Weeks before the Blackpool furore hit the papers, researchers had come along to Chigwell while Bobby was away for secret discussions about who they should have on the show. They were very nice boys, my age. We'd had a bottle of wine, and then another bottle of wine, then brandies, then liqueurs. Leaving behind me a lounge full of overflowing ashtrays and glasses of different shapes and sizes, I staggered up to bed around four in the morning. The next thing I knew was the sound of a key in the front door. Bobby was home a day earlier than I'd expected.

In he walked, to be greeted by a Bacchanalian scene, complete with record still going round and round on the turntable. Upstairs was a half-sloshed wife whose hastily concocted story was a mass of holes and contradictions. He accused me of having an affair and it wasn't until Eamonn Andrews popped up with his Big Red Book weeks later that the penny dropped and my reputation was saved.

I still have a tape of Bobby's appearance on the show and it makes wonderful, if unintentionally hilarious, viewing. It was The Show Of The Stiffs. I adopted a would-be elegant pose from which I didn't move all night. It wasn't only my hair that was set - it was as though all of me was lacquered. I never once uncrossed my legs and, of course, having been stuck in the same position all the way through recording, I was crippled with cramp when finally we were allowed to get up. I also got the giggles, because Doss spoke her lines in such an extraordinary, fake posh accent: 'Ay always knew Robairt was keen on footbahll.'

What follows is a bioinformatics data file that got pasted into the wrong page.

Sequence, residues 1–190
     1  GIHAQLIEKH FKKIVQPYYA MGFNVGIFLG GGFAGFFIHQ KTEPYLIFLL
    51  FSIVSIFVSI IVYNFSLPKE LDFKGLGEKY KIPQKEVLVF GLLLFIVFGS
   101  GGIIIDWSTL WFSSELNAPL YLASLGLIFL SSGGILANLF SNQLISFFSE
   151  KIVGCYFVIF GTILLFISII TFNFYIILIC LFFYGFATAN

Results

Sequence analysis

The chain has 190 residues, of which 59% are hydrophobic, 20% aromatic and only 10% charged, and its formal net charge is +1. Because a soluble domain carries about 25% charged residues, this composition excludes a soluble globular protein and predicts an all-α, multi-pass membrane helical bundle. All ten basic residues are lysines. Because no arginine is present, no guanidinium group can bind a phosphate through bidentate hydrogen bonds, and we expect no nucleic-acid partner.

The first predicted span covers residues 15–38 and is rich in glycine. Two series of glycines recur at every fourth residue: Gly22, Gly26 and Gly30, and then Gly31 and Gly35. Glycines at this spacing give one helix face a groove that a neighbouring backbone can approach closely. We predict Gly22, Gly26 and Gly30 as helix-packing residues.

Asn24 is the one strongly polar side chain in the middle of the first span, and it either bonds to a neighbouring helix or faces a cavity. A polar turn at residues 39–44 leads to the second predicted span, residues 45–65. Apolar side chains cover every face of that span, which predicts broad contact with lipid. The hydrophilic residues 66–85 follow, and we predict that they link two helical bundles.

But Bobby really put himself over well. That was great for him. Normally he found it hard to be natural on TV because he was quite shy and self-conscious and he would come over as a bit uptight.

Alfonso Senior, with whom he'd stayed while under house arrest in Bogota, had been flown over to appear on the show, as well as the two Jimmies, Greaves and Tarbuck. There was also a lady from the Thalidomide Trust, for which Bobby had done a lot of work on the quiet. The BBC showed a film clip of him playing with a boy born without limbs and Bobby was - well, just Bobby with him, natural and nice. He saw the boy, not the disability, and opened up to him whereas normally he was guarded. There was a brilliant exchange of dialogue between the two of them. 'Who do you support?' Bobby asked the boy.

'West Ham,' said the boy, adding with a cheeky smile, 'Who do you support?'

Bobby gave him a friendly cuff around the ear. 'Who do you think I support? Tina, Roberta and Dean, of course.'

Blackpool was forgotten. He was the nation's hero again.

[ editor: the programme was produced by Thames Television, not the BBC]

Bobby Moore's biography

Jeff Powell recalls this edition of This Is Your Life in his book, Bobby Moore, The Definitive Biography...

While Greenwood plunged into a round of meetings with the club's directors, BBC television were making their usual secretive arrangements for that Wednesday night's This Is Your Life programme, with Moore as the surprised subject.

West Ham delayed announcing their verdict on Moore and company until Thursday therefore allowing the BBC to go ahead with their programme unembarrassed.

Moore: 'One night I'm a TV star. Next day, the big hammer.'

[ editor: the programme was produced by Thames Television, not the BBC]

Series 11 subjects

Bob Hope | Vidal Sassoon | Talbot Rothwell | Mike and Bernie Winters | Joe Brown | Patrick Campbell | Bobby Moore
Robert Soutter | Graham Hill | Sandy Powell | Edward Woodward | Moira Lister | Dickie Henderson | Wilfred Pickles
Kenny Ball | Marjorie Proops | Basil D'Oliveira | Clive Dunn | Peter Noone | Monica Dickens | Jon Pertwee
Lionel Jeffries | Adam Faith | Googie Withers | Matt Busby